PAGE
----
Budget and the Markets: Strange Bedfellows
Anil Kumar Satapathy
Markets usually have the tendency to go wild at the drop of a hat. And now when Pranab Mukherjee, is gearing up to present the Annual Financial Statement, or the Union Budget, for the next fiscal, the question that intrigues the investor community is that what’s there in the finance ministry’s kitty to cheer the markets. Even the best of minds choose to play it safe in the run up to the budget.
Budget is a policy document that’s going to shape the economy for the next year. It influences every individual of this country to a varied extent. Usually, the stock markets experience a volatile phase just before and after the union budget, based on the expectations and interpretations of it.
Stock markets last year greeted the budget with a record fall, with the Bombay Stock Exchange (BSE) sensitive index, Sensex, nosediving a whopping 869 points on concerns at the high fiscal deficit estimation. Mukherjee did not have many options as the country’s fate was loosely hanging in face of a severe global recession. However, this time the government is on a much firmer ground.
The industrial growth is steadily picking up, and zoomed 16.8 percent, a 16-year high in January 2010. This has prompted many economists to call for a phased withdrawal of stimulus announced in the backdrop of the economic meltdown. Now, the government seems no longer under the recession pressure and has fiscal room to take policy actions. Moreover, the soaring inflation (8.56 percent in January) has further given UPA the much needed excuse to tighten its purse.
So, looking at it this way, the markets are all set to see good reformist measures by the UPA government. Speaking figures
Let’s look at some facts. The Sensex has lost 7.5 percent in 2010 to 16,152.59 (till February 14) points as the reverse flight of foreign funds from Indian markets continued unabated since mid-January. Foreign institutional investors (FIIs), who were the net buyer in 2009 with investments worth Rs 83,400 crore in domestic equities, has pulled out funds to the tune of USD 2.7 billion from the domestic bourses over the last 18 sessions (as on the week ended on February 14).
"There will be no major FII buying activity in the market till the budget on February 26. After reviewing how the government looks at exiting the stimulus package as well as managing growth, the funds will churn their portfolio," Kishor P Ostwal, CMD of market analysis firm CNI Research, was quoted as saying by a news agency.
Rajesh Jain, vice-president of stock brokering firm SMC Global, too has something similar to say. "Till the budget, the FIIs will stay away from making fresh investments and there may be some minor positive activity."
True, there are some other global factors for the bearish phase the markets are currently witnessing. World indices too are seeing a bloodbath on fears of a spreading crisis in Eurozone.
If investors were to go by the past trends, there’s not much comfort either. According to trends, Sensex usually posts negative returns for the one month preceding the budget. Since 1991, 14 out of 18 times the Sensex went into negative zone.
Mostly the FIIs, insurance companies and brokerage companies, which expect the finance minister to deliver a reform-oriented budget that will incorporate tax cuts, fiscal consolidation, a divestment programme and infrastructure spending, pull out their money from the market in absence of the same.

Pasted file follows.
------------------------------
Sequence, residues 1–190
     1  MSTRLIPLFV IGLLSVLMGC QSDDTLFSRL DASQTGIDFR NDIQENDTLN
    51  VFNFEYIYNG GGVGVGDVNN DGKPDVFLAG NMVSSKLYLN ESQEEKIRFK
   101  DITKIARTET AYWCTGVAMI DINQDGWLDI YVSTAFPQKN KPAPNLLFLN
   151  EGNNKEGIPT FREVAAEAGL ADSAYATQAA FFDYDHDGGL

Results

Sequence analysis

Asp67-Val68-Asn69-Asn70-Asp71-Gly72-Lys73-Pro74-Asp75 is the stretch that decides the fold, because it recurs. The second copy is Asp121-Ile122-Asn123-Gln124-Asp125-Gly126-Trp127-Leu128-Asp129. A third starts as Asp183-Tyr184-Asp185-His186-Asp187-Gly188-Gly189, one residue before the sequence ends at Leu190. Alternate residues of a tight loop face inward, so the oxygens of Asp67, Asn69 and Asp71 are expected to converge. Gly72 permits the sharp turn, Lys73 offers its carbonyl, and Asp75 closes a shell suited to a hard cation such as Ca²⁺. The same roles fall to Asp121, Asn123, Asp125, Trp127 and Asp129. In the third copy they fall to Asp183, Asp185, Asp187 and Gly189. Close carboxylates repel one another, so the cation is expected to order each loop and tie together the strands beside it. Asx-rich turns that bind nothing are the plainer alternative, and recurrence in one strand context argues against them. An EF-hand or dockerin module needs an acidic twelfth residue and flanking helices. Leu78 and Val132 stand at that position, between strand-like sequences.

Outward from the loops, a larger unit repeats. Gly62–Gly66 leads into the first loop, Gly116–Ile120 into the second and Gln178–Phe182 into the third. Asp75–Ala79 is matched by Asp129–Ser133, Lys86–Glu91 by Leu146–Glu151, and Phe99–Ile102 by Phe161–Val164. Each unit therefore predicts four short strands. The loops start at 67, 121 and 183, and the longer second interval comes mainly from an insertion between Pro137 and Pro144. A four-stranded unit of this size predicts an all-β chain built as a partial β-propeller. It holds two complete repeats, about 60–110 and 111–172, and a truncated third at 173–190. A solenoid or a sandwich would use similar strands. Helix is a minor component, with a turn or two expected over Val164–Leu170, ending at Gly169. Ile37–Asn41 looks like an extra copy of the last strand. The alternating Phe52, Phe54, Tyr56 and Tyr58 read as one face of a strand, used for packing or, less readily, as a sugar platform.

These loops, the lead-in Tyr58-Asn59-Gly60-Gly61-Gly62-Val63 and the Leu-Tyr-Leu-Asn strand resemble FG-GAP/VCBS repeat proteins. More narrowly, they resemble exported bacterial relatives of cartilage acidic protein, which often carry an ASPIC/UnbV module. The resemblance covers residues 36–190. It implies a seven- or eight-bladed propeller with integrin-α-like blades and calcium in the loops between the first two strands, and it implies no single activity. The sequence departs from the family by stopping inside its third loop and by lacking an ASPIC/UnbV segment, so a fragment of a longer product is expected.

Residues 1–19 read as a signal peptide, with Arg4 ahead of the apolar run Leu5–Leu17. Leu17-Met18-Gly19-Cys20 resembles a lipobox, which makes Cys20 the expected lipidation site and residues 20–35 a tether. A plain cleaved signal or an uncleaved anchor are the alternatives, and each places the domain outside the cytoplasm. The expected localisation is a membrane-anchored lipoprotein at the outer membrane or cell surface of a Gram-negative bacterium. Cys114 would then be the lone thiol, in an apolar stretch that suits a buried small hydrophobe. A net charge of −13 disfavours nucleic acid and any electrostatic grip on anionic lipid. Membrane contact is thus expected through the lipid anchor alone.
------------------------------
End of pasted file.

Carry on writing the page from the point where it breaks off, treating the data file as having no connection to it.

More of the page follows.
Notably, Sensex has gained only on four occasions: 1992, 1999, 2004 and 2006. It had plunged a record 11.4 percent a month after the budget announcement in 2001.
The years when the market saw decline in the month after the budget announcement were, 2008 (7 percent), 2007 (0.4 percent), 2005 (3 percent), 2003 (5 percent), 2002 (2.6 percent) and 2000 (7.5 percent).A safe pair of hands
Finance Minister Mukherjee has never been associated with reforms. He was mostly considered as “a safe pair of hands” who could calmly do the job without rocking the boat. With a fierce opposition making hue and cry over the record inflation figures, the government has not much choice, but to spend more on social schemes. This could put more pressure on the already burdened state coffers. However, absence of any major state election in the year may allow the Centre to take some bold steps.
The government is also less likely to deregulate the fuel prices as recommended by the Kirit Parikh Committee and supported by the petroleum ministry. However, any positive step vis-à-vis deregulation of fuel prices will push up the shares of oil marketing companies.
There could also be a decision on 3G spectrum auction. Pranab Mukherjee is reportedly insisting on the auction of the spectrum for third generate on mobile services, which could fetch above Rs 30,000 crore for the government helping it reduce the fiscal budget.
One could expect minor changes in the income tax structure. Incidentally, the introduction of Direct Taxes Code in the next fiscal has already been ruled out, indicating the defensive attitude of the government.
A defensive government is not good for the equity markets. Investors would find any reason to cheer if the government shies away from introducing reforms and increases expenditure. The sharp rebound in the factory production and steady improvement in the exports sector should remind the government of its responsibility to bring in fiscal prudence. Healthy markets, after all, are good for a healthy, expanding economy. Mukherjee should keep this in mind while giving the final touches to the budget.